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‘Electronic Skin’ Could Improve Early Breast Cancer Detection
Scientists at the University of Nebraska—Lincoln are developing an “electronic skin” that “feels” and images small lumps that fingers can miss.
Knowing the size and shape of a lump could allow earlier identification of breast cancer, the investigators say. They describe their device, which they have tested on a breast model made of silicone, in the journal ACS Applied Materials & Interfaces.
Drs. Ravi F. Saraf and Chieu Van Nguyen point out that early diagnosis of breast cancer — the most common type of cancer in women — can help save lives. But small masses of cancer cells are not always easy to detect.
Current testing methods, including magnetic resonance imaging and ultrasounds, are sensitive but expensive, the authors say. Mammography is imperfect, especially when it comes to testing young women or women with dense breast tissue. Clinical breast exams performed by medical professionals as an initial screening step are inexpensive but typically don’t find lumps until they are 21 mm (about four-fifths of an inch) in length. Detecting lumps and determining their shape when they are less than half that size improves a patient’s survival rate by more than 94%, according to the authors.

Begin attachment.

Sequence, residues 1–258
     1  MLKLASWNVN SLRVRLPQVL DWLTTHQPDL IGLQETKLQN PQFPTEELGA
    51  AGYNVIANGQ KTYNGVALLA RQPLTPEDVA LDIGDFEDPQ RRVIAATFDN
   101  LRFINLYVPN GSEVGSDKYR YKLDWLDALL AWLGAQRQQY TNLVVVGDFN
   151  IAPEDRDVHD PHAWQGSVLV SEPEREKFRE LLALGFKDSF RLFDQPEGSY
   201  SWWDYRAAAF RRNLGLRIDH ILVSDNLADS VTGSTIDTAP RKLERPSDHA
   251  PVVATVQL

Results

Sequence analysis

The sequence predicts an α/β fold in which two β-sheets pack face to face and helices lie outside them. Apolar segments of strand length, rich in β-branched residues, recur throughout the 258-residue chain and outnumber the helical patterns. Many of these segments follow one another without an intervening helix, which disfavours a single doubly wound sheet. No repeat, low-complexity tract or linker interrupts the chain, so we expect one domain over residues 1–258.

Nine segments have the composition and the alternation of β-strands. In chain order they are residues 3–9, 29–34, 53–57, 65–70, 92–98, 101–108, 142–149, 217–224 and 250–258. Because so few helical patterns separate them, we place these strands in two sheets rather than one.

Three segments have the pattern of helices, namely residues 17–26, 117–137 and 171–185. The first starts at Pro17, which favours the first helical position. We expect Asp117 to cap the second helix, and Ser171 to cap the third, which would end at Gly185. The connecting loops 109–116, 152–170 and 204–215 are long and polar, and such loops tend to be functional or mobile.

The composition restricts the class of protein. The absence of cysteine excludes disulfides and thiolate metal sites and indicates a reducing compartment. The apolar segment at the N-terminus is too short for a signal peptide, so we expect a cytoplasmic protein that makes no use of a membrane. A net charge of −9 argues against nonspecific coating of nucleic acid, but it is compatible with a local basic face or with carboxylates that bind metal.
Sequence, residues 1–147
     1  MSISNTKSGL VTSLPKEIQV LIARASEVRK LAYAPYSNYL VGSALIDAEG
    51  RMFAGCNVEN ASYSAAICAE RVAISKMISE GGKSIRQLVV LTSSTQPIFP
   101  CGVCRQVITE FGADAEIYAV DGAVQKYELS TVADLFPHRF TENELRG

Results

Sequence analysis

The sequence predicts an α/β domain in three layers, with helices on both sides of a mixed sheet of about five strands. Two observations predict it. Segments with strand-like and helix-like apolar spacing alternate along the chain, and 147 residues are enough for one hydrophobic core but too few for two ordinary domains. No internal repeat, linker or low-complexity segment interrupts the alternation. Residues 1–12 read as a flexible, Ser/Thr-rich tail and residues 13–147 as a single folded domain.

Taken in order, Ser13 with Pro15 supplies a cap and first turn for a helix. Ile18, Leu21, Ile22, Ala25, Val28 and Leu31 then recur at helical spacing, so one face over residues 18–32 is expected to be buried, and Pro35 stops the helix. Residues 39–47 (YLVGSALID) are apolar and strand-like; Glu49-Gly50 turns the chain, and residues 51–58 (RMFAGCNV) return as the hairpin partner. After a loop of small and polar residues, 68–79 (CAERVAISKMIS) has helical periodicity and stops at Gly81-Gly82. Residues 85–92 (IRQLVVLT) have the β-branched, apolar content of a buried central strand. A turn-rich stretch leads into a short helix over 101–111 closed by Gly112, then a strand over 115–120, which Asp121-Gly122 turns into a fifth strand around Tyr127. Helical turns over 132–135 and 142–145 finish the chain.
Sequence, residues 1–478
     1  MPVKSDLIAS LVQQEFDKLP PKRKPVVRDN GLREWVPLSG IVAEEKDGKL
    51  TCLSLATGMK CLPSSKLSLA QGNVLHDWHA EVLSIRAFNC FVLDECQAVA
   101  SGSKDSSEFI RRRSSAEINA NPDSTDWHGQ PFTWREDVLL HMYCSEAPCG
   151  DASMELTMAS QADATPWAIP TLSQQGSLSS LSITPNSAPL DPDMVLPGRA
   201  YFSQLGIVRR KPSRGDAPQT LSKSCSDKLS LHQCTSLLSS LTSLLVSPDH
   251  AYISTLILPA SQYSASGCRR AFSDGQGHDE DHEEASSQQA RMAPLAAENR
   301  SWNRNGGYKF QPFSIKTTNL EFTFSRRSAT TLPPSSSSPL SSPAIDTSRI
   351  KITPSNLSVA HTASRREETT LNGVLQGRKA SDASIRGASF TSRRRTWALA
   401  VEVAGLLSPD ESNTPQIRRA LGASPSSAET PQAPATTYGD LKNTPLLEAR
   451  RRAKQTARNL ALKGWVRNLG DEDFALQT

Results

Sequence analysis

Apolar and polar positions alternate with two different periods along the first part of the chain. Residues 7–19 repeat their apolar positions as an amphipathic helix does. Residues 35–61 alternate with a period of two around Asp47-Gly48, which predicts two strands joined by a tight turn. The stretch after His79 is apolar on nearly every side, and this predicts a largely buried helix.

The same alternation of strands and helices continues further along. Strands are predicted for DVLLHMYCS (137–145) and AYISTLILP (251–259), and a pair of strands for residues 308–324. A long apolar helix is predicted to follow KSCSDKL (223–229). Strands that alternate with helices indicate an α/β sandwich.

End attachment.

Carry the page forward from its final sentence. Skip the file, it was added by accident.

Some devices already mimic a manual exam, but their image quality is poor, and they cannot determine a lump’s shape, which helps doctors figure out whether a tumor is cancerous. Saraf and Nguyen wanted to fill that gap. They proceeded to make an “electronic skin” out of nanoparticles and polymers that can detect, “feel,” and image small objects.
To test how the “skin” might work on a human subject, Saraf and Nguyen embedded lump-like objects in a piece of silicone mimicking a breast and pressed the device against this model with the same pressure a clinician would use in a manual exam. They were able to image the lump stand-ins, which were as small as 5 mm in length and as deep as 20 mm.
Saraf says the device could also be used to screen patients for early signs of melanoma and other cancers.
Source: ACS; September 10, 2014.